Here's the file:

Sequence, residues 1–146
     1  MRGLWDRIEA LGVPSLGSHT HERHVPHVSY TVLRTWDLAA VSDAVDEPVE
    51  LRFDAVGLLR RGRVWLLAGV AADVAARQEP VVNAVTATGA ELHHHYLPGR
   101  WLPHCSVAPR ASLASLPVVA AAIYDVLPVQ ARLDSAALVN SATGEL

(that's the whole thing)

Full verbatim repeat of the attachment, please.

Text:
Sequence, residues 1–146
     1  MRGLWDRIEA LGVPSLGSHT HERHVPHVSY TVLRTWDLAA VSDAVDEPVE
    51  LRFDAVGLLR RGRVWLLAGV AADVAARQEP VVNAVTATGA ELHHHYLPGR
   101  WLPHCSVAPR ASLASLPVVA AAIYDVLPVQ ARLDSAALVN SATGEL